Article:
Linmarie Sikich, M.D.

Associate Professor and Director of the Adolescent and School-age Psychiatric Intervention Research Program (ASPIRE)


Sikich, Lin 2012


Phone: (919) 972-7500

Website: ASPIRE Research Program


B.A., English, Washington University
M.A., Neurobiology, Washington University
M.D., Washington University
Postdoctoral Research Fellowship, Psychiatry, Washington University
Resident, Psychiatry, Yale University
Clinical Child Psychiatry Fellowship, Psychiatry, Yale Child Study Center
Fellowship, Child Psychiatry Research Training Program, Yale Child Study Center


Research Interests:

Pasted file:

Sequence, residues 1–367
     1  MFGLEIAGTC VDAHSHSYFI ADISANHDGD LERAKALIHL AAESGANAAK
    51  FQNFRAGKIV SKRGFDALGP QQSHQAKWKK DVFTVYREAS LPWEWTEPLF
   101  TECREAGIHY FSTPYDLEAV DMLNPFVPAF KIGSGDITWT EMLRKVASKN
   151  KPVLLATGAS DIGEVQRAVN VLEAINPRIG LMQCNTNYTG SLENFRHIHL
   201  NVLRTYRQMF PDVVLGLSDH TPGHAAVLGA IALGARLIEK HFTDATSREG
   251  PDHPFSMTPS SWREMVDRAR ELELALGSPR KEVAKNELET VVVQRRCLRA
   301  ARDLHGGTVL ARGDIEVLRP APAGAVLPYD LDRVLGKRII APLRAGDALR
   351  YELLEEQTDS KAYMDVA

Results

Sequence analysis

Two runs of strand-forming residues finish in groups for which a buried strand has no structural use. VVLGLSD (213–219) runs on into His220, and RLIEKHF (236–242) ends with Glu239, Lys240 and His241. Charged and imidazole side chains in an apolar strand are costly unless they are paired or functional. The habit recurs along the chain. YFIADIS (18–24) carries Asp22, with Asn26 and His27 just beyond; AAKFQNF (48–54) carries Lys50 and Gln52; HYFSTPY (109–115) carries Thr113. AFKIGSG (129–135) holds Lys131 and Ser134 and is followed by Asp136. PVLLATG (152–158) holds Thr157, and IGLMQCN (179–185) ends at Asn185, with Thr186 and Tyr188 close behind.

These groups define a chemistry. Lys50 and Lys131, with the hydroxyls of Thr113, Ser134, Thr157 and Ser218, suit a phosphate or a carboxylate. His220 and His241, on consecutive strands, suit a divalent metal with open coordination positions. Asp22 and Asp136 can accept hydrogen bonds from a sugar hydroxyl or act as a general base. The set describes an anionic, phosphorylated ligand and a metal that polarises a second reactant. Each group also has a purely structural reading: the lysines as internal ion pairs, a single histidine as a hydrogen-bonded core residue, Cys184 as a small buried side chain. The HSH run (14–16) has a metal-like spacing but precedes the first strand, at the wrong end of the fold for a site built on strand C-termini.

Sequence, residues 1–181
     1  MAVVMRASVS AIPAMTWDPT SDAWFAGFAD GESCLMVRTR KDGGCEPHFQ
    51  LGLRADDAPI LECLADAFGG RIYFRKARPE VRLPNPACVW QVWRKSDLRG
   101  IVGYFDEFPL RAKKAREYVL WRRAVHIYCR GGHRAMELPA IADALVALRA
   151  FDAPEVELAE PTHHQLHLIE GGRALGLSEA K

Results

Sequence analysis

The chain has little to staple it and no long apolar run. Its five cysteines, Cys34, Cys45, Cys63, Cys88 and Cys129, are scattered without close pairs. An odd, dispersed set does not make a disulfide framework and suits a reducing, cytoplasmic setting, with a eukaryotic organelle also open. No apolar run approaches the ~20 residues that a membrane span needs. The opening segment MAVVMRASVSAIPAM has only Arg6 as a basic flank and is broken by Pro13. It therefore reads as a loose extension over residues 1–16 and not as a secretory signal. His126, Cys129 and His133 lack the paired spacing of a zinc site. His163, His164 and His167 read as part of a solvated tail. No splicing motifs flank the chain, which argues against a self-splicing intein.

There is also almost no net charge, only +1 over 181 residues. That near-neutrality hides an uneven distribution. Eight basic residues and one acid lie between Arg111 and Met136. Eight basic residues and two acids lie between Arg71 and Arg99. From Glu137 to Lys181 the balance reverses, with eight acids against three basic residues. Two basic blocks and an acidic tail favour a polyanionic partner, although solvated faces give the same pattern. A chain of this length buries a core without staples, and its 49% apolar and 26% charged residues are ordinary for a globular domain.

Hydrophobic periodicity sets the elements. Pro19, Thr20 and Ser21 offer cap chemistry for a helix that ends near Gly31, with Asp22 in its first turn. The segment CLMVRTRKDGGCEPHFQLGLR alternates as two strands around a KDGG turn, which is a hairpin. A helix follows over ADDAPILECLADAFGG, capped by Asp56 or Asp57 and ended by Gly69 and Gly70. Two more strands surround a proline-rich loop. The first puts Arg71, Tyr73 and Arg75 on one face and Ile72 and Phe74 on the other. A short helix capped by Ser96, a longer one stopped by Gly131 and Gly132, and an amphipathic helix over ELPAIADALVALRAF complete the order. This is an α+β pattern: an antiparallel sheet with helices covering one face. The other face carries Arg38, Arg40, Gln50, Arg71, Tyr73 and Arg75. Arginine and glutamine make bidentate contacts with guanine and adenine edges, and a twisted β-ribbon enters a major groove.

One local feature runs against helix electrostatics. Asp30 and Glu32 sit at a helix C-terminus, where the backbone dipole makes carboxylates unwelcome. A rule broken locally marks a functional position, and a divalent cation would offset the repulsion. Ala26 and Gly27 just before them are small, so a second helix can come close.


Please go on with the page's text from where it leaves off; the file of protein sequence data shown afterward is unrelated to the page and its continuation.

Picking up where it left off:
Dr. Sikich’s research focuses on developing and evaluating interventions for severe neurodevelopment disorders such as autism and early onset psychotic disorders. She is also interested in rigorously evaluating efficacy and tolerability differences among pharmacologic agents from the same class. Additional research focuses on reducing the adverse effects associated with treatments, such as reducing antipsychotic-associated weight gain. In the past year, she has completed data collection for pilot studies of intranasal oxytocin and a computerized neuroplasticity-based neurocognitive intervention in youth with psychosis. She has also completed industry- sponsored studies in children with autism of a gastrointestinal enzyme and a blinded discontinuation study of aripiprazole. Dr. Sikich has begun studies of three novel agents—oxytocin, ar-baclofen and memantine. She hypothesizes that oxytocin will enhance social reward and social motivation and that ar-baclofen and memantine will influence excitatory neurotransmission to improve the signal to noise ratio of sensory input. Future research goals include developing new ways to assess target engagement of the social motivation network and more objective outcome measures in studies of social functioning in autism. She is collaborating with basic scientists in biomedical engineering, pharmacology, psychology and neurobiology to develop assessments that can be used in both animals and humans. In addition, she hopes to evaluate the efficacy of combined behavioral and pharmacological therapies. The long term objective of Dr. Sikich’s work is to improve the evidence base available to guide young people struggling with severe neurodevelopment disorders, their families and their caretakers as they make decisions about treatment.

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